In the late 20th and early 21st century the term “dyke” was claimed by many lesbian as a term of pride and empowerment.[12] Matters came to a head when the United States Patent and Trademark office denied lesbian motorcycle group “Dykes on Bikes” a trademark for its name, on the ground “dyke” was offensive, derogatory and disparaging to lesbian group. However, the office reversed itself and permitted the group to register its names the after lawyers appealed and submitting hundreds of pages to show the slang word does not disparage lesbians..[13]Dykes on Bikes” group declared a victory on December 8, 2005 and slowly gain international recognition for leading the city’s gay parade.

Much of the gay slang that is used today was seen by the public as “self-destructive” and “demeaning” especially when it was used within the LGBTQ+ community.  In 1969, people in the gay community began to march in the streets to try and change the connotation of gay slang terms.  If used, terms such as “dyke” and “faggot” were used to identify people as political activists for the gay community.  During this time, “dyke” referred to a woman committed to revolution, the most radical position.  A surge of feminism in the dyke community led to “dyke separatism”, which emphasized that lesbian women should consider themselves to be separate from men and their ideas and movements.[14] 

"Dyke Marches" have become a popular Pride event nationwide. They are generally non-commercial, often in sharp contrast to corporate-sponsored pride events, and are usually inclusive of lesbian, bi, and trans women. The Dyke March held in Boston is known for having a spirit of unity and inclusiveness.  Its mission is “to provide a dynamic and welcoming space for participants of all sexualities, gender expressions, races, ages, ethnicities, sizes, economic backgrounds, and physical abilities.”[15]

Dyke bars[edit]

A dyke bar is a term used to describe any bar or club in which lesbians often attend, but can also indicate a "tougher" establishment (in terms of the patrons or environment). As with the stand-alone word "dyke," the term is considered not only slang, but a potential slur when used by non-LGBT persons.

Dyke potential[edit]

In the articles 'The Only Dykey One' Lucy Jones claims that consideration of lesbian culture is core to an understanding of "lesbian" identity construction.[16] At one point, one can tell very much if a woman is a dyke because of how a woman chose to dress. If a woman diverges from the ideal of being feminine (makeup, jewelry, feminine clothing, attractive body, thin, large breasts, etc.), one would suspect that they are dyke or bisexual. Women who were less stereotypically “feminine” or coded as "masculine" were likely to be a butch lesbian.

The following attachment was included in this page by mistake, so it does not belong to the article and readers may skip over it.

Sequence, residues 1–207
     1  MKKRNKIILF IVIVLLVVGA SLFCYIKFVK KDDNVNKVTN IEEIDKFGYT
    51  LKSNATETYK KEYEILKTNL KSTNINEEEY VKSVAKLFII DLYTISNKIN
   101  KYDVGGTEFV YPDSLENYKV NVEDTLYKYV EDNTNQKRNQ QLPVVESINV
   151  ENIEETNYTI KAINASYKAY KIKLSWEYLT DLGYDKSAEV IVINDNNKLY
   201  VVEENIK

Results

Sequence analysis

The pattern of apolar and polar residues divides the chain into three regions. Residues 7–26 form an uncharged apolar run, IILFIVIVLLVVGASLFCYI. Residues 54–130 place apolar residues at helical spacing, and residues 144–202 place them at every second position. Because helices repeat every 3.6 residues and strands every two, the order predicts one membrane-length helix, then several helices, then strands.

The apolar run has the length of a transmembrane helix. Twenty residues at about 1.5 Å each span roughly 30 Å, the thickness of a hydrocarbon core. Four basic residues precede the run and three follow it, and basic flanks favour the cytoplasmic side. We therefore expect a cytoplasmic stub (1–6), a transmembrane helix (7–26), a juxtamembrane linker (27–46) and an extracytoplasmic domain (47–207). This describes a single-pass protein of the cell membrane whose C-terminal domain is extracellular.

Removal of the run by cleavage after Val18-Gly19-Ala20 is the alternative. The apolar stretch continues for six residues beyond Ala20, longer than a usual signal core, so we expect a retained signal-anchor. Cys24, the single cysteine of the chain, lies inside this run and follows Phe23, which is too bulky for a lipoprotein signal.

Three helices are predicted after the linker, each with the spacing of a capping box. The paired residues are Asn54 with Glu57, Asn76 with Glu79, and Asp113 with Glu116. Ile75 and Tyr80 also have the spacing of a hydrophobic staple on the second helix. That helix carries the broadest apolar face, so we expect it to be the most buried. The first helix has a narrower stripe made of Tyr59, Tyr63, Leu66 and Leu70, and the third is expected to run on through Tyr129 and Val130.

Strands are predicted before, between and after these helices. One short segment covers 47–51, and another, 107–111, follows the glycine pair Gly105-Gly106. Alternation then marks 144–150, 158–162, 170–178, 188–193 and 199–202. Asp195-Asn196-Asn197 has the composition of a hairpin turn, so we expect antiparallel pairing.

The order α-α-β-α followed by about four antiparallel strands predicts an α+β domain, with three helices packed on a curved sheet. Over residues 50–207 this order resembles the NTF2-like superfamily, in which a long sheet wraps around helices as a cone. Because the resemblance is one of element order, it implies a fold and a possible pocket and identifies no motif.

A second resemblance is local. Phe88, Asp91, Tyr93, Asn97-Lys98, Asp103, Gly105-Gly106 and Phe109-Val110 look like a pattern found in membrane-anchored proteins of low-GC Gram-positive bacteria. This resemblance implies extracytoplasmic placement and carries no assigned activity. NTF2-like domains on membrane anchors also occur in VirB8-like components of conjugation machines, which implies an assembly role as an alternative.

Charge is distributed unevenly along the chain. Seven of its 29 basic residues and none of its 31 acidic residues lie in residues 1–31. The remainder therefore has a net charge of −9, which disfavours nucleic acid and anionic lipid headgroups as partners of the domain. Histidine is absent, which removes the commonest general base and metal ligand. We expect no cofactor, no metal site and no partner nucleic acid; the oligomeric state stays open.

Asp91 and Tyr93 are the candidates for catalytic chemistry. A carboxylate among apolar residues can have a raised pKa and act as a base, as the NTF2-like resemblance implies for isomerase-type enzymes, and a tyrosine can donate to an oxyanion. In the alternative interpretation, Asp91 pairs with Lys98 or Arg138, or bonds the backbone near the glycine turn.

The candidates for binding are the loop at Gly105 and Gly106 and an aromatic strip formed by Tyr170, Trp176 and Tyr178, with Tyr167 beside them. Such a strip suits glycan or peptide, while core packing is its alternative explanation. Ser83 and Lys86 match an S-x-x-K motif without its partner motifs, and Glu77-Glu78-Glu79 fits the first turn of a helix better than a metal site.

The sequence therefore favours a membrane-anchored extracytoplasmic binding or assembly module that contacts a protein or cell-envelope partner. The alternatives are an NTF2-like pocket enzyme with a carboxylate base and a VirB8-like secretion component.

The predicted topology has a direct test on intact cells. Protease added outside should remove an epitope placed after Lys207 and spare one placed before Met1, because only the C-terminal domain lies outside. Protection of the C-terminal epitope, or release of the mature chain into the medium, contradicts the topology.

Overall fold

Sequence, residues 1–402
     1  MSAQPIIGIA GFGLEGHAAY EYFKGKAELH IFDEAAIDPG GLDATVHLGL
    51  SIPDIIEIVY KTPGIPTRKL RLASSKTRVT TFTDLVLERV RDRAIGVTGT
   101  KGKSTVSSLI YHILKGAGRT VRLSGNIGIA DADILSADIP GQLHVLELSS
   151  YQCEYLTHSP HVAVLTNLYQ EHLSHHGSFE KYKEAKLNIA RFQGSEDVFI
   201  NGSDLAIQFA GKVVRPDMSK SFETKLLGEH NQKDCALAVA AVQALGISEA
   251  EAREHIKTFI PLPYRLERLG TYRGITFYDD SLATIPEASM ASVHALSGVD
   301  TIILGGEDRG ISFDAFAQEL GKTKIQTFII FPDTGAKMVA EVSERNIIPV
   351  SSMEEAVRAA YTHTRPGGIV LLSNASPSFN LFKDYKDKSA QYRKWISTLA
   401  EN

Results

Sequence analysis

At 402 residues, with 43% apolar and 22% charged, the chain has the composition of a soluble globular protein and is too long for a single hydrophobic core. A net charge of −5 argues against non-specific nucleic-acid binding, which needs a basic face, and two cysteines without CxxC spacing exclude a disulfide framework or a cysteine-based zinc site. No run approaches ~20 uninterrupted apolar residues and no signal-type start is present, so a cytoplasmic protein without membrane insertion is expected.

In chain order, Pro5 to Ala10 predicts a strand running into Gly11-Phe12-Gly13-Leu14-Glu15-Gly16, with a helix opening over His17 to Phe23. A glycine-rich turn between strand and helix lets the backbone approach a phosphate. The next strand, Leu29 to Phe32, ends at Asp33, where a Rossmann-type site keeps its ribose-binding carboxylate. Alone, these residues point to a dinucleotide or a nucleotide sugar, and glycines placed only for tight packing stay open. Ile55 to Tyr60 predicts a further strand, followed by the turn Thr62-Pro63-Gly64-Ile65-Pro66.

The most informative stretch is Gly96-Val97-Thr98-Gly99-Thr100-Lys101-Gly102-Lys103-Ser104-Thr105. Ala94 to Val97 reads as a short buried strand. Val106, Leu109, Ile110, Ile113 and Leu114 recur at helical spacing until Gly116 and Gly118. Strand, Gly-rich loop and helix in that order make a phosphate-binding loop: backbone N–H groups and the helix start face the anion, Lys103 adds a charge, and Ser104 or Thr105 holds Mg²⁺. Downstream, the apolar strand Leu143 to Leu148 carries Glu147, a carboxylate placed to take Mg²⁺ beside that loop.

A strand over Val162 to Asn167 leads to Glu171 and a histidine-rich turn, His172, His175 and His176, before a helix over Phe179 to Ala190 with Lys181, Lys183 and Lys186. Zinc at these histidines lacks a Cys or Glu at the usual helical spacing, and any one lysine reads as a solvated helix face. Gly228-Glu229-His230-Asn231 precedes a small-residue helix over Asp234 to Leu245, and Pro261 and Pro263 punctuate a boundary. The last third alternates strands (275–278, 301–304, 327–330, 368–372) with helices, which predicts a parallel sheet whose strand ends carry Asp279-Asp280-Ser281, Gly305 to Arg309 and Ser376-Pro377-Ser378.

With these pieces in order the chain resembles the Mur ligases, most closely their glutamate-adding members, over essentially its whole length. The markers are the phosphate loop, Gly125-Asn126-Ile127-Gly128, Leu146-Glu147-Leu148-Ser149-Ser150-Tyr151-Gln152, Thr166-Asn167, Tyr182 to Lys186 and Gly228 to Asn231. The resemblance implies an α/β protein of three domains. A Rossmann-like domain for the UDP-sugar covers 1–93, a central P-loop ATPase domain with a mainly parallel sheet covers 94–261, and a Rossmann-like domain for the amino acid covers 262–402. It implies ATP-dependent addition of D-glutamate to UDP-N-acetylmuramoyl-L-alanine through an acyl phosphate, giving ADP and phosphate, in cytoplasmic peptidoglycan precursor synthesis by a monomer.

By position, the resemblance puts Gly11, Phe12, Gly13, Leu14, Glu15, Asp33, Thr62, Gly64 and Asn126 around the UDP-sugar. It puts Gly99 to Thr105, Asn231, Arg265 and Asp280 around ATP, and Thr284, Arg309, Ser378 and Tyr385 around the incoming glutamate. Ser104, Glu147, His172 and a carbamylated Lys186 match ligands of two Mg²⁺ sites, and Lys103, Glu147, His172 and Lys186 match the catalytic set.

See also[edit]

References[edit]

  1. ^ a b c d e f Krantz, Susan E. (1995). "Reconsidering the Etymology of Bulldike". American Speech. 70 (2): 217–221. doi:10.2307/455819. 
  2. ^ a b Spears, Richard A. (1985). "American Speech". American Speech. 60 (4): 318–327. doi:10.2307/454909. JSTOR 454909. 
  3. ^ a b Dynes, Wayne R. (1991). The Encyclopedia of Homosexuality. Garland Publishing. pp. 335–336. 
  4. ^ a b "dyke, n.³", Oxford English Dictionary, Oxford: Oxford University Press, 1972 .
  5. ^ "dyke, n.²", Oxford English Dictionary, 2nd ed., Oxford: Oxford University Press, 1989 [1933] .
  6. ^ "dyke", Online Etymology Dictionary .
  7. ^ Herbst, Phillip (2001). Wimmim, Wimps, & Wallflowers: An Encyclopaedic Dictionary of Gender and Sexual Orientation Bias. Intercultural Press. p. 332. ISBN 978-1-877864-80-3. .
  8. ^ Judy Grahn, Another Mother Tongue .
  9. ^ a b c Stanley, Julia P. (1970). "Homosexual Slang". American Speech. 45 (1/2): 45–59. doi:10.2307/455061. 
  10. ^ Faderman, Lillian; Gross, Larry (2001). Garber, Linda, ed. Identity Poetics. Race, Class, and the Lesbian-Feminist Roots of Queer Theory. Columbia University Press. pp. 31–62. doi:10.7312/garb11032. 
  11. ^ Blank, Paula (2011). "The Proverbial "Lesbian": Queering Etymology in Contemporary Critical Practice". Modern Philology. 109 (1): 108–134. doi:10.1086/661977. 
  12. ^ "success stories: trademark". 
  13. ^ Anten, Todd (2006), "Self-Disparaging Trademarks and Social Change: Factoring the Reappropriation of Slurs into Section 2(a) of the Lanham Act(currently unavailable as archive only includes records within 3 years of present)" (PDF), Columbia Law Review, 106: 338, archived from the original (PDF) on 2006-04-26, retrieved 2007-07-12 
  14. ^ Stanley, Julia P. (1974). "When We Say "Out of the Closets!"". College English. 36 (3): 385–391. doi:10.2307/374858. 
  15. ^ Seelhoff, Cheryl Lindsey; Leigh, Sue; Rodgers, Melissa; Herold, Steph; Mantilla, Karla (2007). "UNITED STATES: when is a dyke not welcome at a dyke march?". Off Our Backs. 37 (2/3): 6–6. doi:10.2307/20838797. 
  16. ^ Jones, Lucy. "The Only Dykey One". 
  • Knadler, Stephen P. (1963), "Sweetback Style: Wallace Thurman and a Queer Harlem Renaissance" MFS Modern Fiction Studies - Volume 48, Number 4, Winter 2002, pp. 899–936

External links[edit]